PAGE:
NBC, June 24, 10 p.m. ET/PT |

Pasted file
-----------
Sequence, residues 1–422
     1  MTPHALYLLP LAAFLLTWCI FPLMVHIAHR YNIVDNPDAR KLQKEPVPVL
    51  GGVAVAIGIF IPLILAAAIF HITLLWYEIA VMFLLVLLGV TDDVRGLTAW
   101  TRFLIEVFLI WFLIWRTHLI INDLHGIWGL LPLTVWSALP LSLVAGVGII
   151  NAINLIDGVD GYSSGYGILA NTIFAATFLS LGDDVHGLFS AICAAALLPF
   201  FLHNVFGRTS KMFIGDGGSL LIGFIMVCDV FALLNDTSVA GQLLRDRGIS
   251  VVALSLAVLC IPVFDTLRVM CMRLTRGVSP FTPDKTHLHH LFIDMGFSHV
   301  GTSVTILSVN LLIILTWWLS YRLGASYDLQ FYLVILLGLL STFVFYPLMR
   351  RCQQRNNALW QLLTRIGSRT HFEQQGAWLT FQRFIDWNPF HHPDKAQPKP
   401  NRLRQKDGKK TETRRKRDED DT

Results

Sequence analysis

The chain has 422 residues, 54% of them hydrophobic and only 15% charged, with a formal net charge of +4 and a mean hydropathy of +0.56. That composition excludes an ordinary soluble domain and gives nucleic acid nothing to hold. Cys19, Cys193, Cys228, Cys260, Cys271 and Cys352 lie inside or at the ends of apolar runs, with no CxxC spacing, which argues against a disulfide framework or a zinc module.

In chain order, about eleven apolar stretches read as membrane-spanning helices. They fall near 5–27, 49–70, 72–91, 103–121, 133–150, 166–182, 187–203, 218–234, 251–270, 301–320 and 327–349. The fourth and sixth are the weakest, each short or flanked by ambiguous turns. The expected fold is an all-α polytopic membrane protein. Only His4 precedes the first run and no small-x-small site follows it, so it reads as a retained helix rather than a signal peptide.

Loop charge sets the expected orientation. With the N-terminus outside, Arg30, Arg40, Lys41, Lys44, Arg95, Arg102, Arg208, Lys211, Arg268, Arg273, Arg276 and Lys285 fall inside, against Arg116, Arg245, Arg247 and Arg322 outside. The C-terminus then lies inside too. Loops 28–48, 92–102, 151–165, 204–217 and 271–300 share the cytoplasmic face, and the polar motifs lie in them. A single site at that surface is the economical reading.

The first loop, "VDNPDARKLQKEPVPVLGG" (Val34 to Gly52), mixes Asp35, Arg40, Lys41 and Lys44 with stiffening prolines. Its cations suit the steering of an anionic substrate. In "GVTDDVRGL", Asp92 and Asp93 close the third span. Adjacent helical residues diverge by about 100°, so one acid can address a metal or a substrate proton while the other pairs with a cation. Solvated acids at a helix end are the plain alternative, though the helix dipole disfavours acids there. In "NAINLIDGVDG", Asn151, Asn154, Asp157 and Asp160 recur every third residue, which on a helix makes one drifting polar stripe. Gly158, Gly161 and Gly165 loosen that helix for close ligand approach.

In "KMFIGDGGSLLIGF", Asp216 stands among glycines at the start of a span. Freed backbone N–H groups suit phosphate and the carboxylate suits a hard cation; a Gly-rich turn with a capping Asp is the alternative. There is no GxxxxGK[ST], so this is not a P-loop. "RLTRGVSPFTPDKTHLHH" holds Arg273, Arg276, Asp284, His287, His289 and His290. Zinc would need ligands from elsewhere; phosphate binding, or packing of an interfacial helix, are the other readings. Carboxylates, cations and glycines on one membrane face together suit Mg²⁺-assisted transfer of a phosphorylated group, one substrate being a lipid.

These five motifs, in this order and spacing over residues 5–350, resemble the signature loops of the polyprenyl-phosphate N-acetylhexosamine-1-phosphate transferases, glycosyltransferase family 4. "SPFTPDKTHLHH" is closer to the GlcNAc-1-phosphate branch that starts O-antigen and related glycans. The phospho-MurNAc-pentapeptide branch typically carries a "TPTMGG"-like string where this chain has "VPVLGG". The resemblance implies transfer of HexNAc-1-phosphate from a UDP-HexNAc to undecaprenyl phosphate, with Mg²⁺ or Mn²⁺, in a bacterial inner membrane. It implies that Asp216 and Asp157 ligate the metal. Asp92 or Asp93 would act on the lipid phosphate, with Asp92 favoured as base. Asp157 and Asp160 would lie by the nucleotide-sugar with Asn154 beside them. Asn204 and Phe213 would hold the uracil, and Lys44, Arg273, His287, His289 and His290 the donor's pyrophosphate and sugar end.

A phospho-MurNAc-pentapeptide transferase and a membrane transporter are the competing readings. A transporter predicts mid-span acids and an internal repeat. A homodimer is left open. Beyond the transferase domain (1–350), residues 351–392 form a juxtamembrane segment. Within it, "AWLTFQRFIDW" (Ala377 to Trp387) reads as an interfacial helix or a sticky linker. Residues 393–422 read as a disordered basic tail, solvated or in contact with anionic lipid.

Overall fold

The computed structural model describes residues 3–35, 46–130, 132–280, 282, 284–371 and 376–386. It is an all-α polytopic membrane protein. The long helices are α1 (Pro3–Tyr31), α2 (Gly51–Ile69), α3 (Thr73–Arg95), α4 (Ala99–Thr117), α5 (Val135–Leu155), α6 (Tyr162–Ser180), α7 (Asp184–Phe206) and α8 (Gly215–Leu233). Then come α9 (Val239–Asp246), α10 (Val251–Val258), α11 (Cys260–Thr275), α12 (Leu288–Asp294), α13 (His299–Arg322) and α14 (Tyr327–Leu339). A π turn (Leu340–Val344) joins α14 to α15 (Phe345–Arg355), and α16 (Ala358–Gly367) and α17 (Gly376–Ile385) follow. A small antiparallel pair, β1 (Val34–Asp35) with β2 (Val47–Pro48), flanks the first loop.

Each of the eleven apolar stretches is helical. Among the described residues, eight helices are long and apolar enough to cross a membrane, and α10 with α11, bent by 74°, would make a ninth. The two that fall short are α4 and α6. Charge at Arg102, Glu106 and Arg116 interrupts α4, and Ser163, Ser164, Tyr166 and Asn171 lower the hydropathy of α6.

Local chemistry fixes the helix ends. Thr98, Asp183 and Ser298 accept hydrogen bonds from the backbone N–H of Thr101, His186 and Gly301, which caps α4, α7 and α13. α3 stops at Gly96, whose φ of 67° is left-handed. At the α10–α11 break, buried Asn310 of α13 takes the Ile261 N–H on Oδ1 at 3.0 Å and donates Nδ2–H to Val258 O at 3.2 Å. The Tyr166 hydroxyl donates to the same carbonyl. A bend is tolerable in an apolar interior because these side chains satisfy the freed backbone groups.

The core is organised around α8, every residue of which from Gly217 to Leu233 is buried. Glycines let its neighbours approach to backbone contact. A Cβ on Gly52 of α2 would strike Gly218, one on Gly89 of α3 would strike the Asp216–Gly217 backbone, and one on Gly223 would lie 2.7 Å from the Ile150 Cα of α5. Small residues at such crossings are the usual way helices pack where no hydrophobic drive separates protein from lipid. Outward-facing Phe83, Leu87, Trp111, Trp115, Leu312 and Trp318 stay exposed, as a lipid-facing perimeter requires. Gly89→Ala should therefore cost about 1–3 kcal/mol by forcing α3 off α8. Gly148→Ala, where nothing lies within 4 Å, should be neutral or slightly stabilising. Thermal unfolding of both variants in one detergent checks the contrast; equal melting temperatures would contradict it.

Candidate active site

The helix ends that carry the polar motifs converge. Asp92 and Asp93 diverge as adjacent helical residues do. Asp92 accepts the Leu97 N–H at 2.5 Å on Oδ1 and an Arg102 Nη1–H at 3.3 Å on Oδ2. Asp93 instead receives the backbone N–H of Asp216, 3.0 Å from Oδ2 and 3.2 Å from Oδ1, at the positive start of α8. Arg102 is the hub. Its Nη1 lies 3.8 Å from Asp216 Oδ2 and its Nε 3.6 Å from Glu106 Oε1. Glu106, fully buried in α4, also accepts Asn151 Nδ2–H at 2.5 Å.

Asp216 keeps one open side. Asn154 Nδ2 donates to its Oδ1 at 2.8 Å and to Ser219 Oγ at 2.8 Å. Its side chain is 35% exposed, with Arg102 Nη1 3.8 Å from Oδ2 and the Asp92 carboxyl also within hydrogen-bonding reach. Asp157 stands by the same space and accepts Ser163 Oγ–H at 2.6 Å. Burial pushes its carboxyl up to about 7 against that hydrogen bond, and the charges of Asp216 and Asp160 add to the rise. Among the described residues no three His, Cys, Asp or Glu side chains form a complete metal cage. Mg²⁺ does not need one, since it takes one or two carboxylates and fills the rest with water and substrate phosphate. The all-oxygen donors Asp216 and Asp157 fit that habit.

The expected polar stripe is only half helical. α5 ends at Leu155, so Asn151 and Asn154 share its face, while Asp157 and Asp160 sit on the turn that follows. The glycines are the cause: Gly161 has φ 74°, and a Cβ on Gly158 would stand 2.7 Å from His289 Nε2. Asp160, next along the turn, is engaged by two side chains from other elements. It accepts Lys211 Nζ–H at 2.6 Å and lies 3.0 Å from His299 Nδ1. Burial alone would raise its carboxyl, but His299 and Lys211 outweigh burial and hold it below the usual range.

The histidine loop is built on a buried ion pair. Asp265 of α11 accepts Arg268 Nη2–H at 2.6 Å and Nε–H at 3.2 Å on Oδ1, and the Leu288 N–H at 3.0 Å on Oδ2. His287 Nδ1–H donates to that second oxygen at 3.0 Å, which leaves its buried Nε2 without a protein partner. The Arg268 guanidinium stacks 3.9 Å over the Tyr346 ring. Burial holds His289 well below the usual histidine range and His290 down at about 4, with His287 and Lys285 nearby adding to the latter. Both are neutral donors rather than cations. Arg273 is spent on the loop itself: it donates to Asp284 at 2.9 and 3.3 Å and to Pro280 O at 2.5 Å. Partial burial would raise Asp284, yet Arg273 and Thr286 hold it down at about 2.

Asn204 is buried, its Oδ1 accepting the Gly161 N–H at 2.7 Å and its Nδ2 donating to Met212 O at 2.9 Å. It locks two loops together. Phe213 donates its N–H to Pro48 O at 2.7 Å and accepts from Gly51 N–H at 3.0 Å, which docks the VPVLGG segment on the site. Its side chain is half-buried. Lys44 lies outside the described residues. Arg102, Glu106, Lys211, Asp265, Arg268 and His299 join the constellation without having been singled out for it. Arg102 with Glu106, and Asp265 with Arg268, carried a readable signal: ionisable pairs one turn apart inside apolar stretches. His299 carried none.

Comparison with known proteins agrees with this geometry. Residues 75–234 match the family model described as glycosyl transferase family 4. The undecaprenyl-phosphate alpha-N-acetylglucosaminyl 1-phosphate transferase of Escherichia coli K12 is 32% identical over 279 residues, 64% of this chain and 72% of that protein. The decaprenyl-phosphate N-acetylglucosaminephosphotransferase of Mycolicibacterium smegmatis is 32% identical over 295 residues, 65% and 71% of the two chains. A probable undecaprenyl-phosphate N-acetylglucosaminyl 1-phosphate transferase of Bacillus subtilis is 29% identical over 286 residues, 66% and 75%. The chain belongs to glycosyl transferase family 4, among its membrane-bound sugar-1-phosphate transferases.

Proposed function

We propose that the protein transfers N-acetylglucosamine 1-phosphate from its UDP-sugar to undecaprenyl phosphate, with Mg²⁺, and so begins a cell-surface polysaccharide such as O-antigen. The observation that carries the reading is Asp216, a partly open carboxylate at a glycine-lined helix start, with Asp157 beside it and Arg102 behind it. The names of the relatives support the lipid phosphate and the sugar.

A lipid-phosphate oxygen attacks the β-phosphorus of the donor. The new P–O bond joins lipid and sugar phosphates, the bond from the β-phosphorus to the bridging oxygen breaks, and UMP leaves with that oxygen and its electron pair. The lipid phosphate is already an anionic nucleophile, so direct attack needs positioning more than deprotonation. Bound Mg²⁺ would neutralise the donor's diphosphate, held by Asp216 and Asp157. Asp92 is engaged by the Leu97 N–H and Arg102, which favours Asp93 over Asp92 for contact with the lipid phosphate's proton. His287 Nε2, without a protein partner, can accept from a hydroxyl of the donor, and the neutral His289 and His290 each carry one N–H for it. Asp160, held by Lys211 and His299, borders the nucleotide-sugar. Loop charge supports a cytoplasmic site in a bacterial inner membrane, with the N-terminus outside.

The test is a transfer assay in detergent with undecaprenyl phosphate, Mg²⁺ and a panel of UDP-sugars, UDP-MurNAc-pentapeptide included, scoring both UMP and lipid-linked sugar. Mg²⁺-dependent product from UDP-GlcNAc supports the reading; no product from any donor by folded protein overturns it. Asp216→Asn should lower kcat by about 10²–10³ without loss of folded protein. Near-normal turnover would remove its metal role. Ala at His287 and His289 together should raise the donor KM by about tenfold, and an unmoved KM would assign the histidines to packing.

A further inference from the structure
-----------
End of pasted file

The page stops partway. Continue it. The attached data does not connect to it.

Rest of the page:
James Purefoy, a British actor best known here for playing Mark Antony in HBO's Rome, has the sort of rumpled leading-man looks that make him both watchable and credible in just about any role: tycoon, playboy, adventurer, even spiritual pilgrim. He's all those things in The Philanthropist. Teddy Rist, dripping with money and seemingly soaked with dissatisfied indifference, is secretly haunted by the death of his young son and the collapse of his marriage. But he finds a new purpose in life when he rescues a boy during a hurricane in Nigeria. Returning to the boy's village to deliver medicine, Teddy nearly dies a thousand deaths himself: He has to get past drug agents, corrupt local officials, whistling bullets and poisonous snakes. The series will apparently follow Rist through similar adventures of soft-hearted derring-do, something between Oprah and Indiana Jones. It's pretty well done, but once Rist is fully awakened to life by the end of the pilot, hasn't the show in a sense already finished? It's not as if you'd care whether the reformed Ebenezer Scrooge went on to become a UNICEF ambassador.